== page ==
In regards to bills, at first I was running nodes in China with less cost. We didn't have that many transactions in the early days, so network latency was not a big issue. After Steem blockchain was launched, I got some compensation there, then setup a few nodes in AWS (as my main BitShares block producing nodes) after latency became an issue, still, had been compensated by Steem witness pay for quite some months until recently. My AWS instances are mostly r3.large (15G RAM, 2 cores, 32G local SSD), the cost per month is around 150$ each (including additional cost for more disk spaces, data transmission and etc).

Quote
I think the hosting aspect is also extremely important. Until recently I ran all my nodes exclusively on VPSs. Regardless of how much RAM a server has (16GB on highest end VPS) I miss a block every week or so, sometimes every couple of weeks. A trickle. It could be due to many things. I just bought 2 dedicated servers. They are both with hosting companies I have not used before. When I put the first one located in Romania into operation as a seed, I ran into an odd problem I never saw before. It turned out to be an issue with the OS image (LOCALE was not set at all, no default) used by that hosting company. After resolving the LOCALE issue I ran it as a seed node for over a week and saw no issues, ran like a clock.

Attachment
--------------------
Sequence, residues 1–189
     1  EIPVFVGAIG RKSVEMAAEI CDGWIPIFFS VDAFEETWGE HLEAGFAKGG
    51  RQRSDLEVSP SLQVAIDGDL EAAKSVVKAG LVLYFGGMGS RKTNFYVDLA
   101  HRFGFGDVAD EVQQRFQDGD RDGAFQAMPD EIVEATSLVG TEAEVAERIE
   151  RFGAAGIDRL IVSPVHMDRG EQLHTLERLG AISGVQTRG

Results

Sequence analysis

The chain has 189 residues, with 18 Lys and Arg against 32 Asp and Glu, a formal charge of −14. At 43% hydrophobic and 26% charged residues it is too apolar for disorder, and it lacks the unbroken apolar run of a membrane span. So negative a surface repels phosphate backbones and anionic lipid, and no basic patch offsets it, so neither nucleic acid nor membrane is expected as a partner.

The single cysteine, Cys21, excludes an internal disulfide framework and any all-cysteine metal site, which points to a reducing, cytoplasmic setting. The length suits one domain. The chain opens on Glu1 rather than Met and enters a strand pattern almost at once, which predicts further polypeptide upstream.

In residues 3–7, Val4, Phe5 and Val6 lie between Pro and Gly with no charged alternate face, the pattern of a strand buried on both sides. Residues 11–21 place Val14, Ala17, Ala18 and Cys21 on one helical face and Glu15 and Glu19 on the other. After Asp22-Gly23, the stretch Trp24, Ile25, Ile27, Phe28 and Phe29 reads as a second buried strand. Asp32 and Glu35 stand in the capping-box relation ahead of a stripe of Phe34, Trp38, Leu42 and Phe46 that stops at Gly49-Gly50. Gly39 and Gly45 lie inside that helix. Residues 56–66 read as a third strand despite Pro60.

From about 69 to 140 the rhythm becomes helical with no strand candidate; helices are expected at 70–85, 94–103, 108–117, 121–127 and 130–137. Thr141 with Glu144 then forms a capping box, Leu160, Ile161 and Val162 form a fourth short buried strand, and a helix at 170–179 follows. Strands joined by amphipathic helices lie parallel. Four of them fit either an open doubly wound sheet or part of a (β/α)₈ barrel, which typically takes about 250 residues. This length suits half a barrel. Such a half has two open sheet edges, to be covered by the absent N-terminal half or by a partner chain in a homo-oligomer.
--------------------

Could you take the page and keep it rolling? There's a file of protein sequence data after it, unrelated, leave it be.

Last night I attempted to put that node into use as the block producing witness the same way I always do, but it missed 2 blocks in under a minute. My luck to be picked to generate 2 blocks so close together. It looks like there is a missing library or some other code problem looking at the errors. The binaries were compiled on that platform. Not sure if the issue is due to an OS difference (for example a missing shared lib normally supplied with the OS) or a failed package installation or an issue in the executable binary. The problem didn't happen until the node was called on to produce a block. Dbl chked the signing keys on all nodes which were correct. I'll get to the bottom of that today, or tomorrow if it's elusive to find.

I use the same setup script to ready a system to run, and I used it on another host after the one in Romania and had no issues. I will update my setup script to make sure the LOCALE is setup for English as required by the code. Probably been lucky using VPSs all around the world that I never ran into the LOCALE issue before.